Finance brands need to do more to attract the changing needs of today’s young adults.
So-called the ‘Money Gap’, a study by Y&R Asia and VML revealed a huge disconnect between how young people view the role of money in their lives, and the age-old practices of financial institutions and brands.
The report highlights the need for brands to re-position themselves as a partner in self-exploration.
According to the report, 78% of 18-35 year olds in Asia, otherwise known as Generation Asia, believe that happiness is more important than making money.
This group wants to do what they love at work, and are willing to put in long hours for their passion. Generation Asia are an explorative bunch with a desire to see the world so that they may discover the passion that drives them, Hari Ramanathan, chief strategy officer, Y&R Asia, said.
This new insight reveals the very opposite of what has been the bedrock of financial planning and communications for decades.
“The role of money today is to enable freedom and empower the individual to take charge of opportunities in the present,” Ramanathan said.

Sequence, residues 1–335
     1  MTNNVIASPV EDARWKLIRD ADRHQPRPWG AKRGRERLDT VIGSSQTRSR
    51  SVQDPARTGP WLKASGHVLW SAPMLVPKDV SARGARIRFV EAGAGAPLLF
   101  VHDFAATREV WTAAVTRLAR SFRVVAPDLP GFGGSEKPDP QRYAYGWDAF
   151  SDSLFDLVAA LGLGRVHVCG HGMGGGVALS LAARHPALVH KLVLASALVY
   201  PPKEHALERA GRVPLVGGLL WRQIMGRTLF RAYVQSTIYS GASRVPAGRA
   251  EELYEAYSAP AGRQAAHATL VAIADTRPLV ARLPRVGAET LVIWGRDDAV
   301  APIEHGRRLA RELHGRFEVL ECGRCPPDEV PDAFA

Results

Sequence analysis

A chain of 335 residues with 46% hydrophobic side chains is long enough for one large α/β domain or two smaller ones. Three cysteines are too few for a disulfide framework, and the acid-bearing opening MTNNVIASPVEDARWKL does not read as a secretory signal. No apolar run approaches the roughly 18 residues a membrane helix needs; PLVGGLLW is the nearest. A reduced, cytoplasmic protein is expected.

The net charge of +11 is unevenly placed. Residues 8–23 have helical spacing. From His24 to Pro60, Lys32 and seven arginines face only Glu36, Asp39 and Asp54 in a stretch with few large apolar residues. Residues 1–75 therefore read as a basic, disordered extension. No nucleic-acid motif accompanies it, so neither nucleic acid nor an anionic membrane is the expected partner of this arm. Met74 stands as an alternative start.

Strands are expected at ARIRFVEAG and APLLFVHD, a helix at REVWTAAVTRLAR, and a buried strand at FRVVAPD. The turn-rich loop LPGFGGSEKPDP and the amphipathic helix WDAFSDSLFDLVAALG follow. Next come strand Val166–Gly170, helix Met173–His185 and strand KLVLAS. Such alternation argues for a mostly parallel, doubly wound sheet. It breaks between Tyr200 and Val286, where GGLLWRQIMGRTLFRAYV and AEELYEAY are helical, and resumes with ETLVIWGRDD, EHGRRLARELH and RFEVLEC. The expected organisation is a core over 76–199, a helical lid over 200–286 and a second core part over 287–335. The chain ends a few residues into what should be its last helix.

Yet, brands still only talk about their products and pragmatism. This message is lost in translation to a generation which believe their passions will lead to money, instead of the old notion that money will eventually help them to pursue their interests.
Rajeev Lochan, director & VP for research and finance, VML, pointed out a fundamental paradigm shift: Generation Asia do not connect with the old world imagery of luxury often found in financial services communications.
This kind of message firmly positions such brands as being disconnected and belonging to another world. The report found that 80% perceive luxury as having new experiences, while 76% like to be the first to try new things.
“Success is no longer about making a big splash or financial accomplishments. It’s about being respected by your peer group for what you have achieved,” Lochan explained.
Nearly 82% of those noted they would rather achieve something impactful in their lives than aspiring for more money.
“Brands need to give themselves a role in this optimism-fuelled stage of life and leverage young people’s ambitions. Gain engagement and credibility by supporting Generation Asia’s passions,” Lochan said.
The report is based on insights gleaned from Generation Asia, a study of connected Asians; BAV, a consumer study of brands in Asia; and eXploring on-the-ground studies across China, Hong Kong, India, Indonesia, Philippines and Singapore.